Second Generation, 313 F.3d at 631 (citing H.R. Conf. Rep. No. 104-458, at 113 (1996)).

Id. at 633.

Id.

Applying an example from the Second Generation case to the facts here, it is of little comfort to the customer who uses T-Mobile (or Verizon or Sprint or Nextel) — who cannot get service along a significant geographic gap which may exist — that a Cingular customer does get some service in that gap. Although the T-Mobile customer could switch to Cingular, the customer might well find that she has a significant gap in coverage a few towns over, where T-Mobile, her former provider, offers service but Cingular does not. Thus, a rule dictating that "any service equals no effective prohibition" creates an untenable patchwork of intermittent coverage, which may well have the effect of driving the industry toward a single carrier. Such a result thwarts the goal of Congress to encourage competition in the wireless services industry.

See id.

See id.

Id.

The legislative history of the TCA describes its purpose as follows: "to provide for a pro-competitive, de-regulatory national policy framework designed to accelerate rapidly private sector deployment of advanced telecommunications and information technologies and services to all Americans by opening all telecommunications markets to competition." H.R. Conf. Rep. No. 104-458, at 113 (1996), reprinted in 1996 U.S.C.C.A.N. 124.

Upon review of the policy considerations and practical implications of the two approaches discussed above, the Court determines the approach taken by the First and Ninth Circuits is the better alternative. Accordingly, the Court holds that a significant gap in service (and thus an effective prohibition of service) exists when a provider is prevented from filling a significant gap in its own service coverage.

Given this holding, the Court finds T-Mobile's failure to provide evidence of a gap in service by other providers is immaterial to whether denial of T-Mobile's application will have the effect of prohibiting T-Mobile from providing personal wireless services. Thus, T-Mobile's failure to provide evidence of a gap in service by other providers is not evidence that a reasonable mind might accept as adequate to support the Board of Commissioners' finding that denying the Special Use Permit will not prohibit provision of personal wireless services.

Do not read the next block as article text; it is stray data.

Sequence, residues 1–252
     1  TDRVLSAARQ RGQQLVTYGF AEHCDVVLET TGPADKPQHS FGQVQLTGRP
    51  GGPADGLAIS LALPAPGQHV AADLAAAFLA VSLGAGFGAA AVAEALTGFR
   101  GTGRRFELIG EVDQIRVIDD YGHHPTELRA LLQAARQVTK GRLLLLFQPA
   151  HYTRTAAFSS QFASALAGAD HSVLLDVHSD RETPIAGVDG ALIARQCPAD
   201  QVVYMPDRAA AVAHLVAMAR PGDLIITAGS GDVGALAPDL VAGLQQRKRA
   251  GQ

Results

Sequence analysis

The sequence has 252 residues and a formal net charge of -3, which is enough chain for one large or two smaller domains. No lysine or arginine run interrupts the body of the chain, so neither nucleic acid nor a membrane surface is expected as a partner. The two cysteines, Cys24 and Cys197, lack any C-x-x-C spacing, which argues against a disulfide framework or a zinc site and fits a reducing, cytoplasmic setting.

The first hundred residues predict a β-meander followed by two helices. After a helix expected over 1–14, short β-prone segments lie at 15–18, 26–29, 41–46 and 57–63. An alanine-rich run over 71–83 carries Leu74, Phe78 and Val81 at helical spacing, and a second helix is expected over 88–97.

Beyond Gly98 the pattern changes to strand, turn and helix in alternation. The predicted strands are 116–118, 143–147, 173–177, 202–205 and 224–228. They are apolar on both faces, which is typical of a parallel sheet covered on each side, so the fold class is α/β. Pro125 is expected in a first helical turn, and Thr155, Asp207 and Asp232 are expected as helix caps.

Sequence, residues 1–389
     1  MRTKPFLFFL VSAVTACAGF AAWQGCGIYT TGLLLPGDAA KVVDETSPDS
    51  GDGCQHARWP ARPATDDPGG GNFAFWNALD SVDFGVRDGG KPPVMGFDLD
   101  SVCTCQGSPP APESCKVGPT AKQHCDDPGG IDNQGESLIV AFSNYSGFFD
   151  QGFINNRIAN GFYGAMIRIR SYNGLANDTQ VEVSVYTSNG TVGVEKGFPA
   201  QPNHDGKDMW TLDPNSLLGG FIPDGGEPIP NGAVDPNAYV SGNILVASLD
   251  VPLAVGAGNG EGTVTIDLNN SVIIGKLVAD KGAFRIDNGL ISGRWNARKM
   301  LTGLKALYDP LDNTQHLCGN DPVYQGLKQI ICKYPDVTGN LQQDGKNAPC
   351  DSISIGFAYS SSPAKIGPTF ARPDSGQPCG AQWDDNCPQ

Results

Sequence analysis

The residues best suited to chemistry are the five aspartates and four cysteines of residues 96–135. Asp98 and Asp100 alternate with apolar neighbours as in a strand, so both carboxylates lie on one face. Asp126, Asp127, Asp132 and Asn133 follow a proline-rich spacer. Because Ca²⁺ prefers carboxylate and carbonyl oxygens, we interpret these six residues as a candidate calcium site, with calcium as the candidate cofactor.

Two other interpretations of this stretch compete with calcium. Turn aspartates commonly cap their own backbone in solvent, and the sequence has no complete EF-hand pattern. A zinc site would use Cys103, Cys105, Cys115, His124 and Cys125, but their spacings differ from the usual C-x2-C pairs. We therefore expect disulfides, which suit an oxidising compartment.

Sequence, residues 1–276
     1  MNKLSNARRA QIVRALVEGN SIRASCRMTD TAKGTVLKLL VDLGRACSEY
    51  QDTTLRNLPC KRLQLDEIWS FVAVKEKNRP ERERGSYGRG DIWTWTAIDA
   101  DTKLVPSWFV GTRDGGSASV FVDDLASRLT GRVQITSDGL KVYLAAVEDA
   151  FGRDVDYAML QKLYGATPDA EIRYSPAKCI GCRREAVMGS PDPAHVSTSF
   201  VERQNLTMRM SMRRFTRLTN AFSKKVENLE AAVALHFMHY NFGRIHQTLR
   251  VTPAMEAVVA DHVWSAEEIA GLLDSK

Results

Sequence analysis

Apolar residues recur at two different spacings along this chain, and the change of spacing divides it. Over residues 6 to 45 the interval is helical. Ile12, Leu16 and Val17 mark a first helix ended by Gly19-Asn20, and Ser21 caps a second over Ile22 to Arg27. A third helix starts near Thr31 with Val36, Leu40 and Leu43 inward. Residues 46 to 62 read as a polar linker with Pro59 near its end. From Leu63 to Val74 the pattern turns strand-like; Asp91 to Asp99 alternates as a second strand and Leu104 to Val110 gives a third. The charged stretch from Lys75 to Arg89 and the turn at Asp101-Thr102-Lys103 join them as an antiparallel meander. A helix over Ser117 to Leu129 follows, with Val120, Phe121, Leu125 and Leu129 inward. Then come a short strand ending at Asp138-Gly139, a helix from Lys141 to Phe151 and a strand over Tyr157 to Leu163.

(3) Submission of Service Propagation Study Plans Contemplating Shorter Towers or Locations on Existing Towers or Buildings

The Board of Commissioners asserts that by failing to submit any service propagation study plans contemplating shorter towers or locations on existing towers or buildings, T-Mobile failed to establish that denial of its application will prohibit the provision of personal wireless services. T-Mobile disagrees with the Board of Commissioners' assertions regarding such a submission and maintains that T-Mobile provided a propagation study in both its Coverage Report and Supplemental Coverage Report. More specifically, T-Mobile asserts that the propagation studies submitted to the Board of Commissioners demonstrate that co-location on the High School Tower will not fill T-Mobile's coverage gap. T-Mobile further asserts that it submitted an affidavit and gave testimony at the March 13 Planning Commission hearing and the May 25 Board of Commissioners meeting explaining that the High School Tower is not a viable site for an antenna to remedy T-Mobile's coverage gap. Finally, T-Mobile asserts that it submitted evidence to demonstrate that T-Mobile considered structures within the one-mile radius of the search ring, including water towers owned by the Unified Government and BPU, as well as tall buildings and existing telecommunication towers.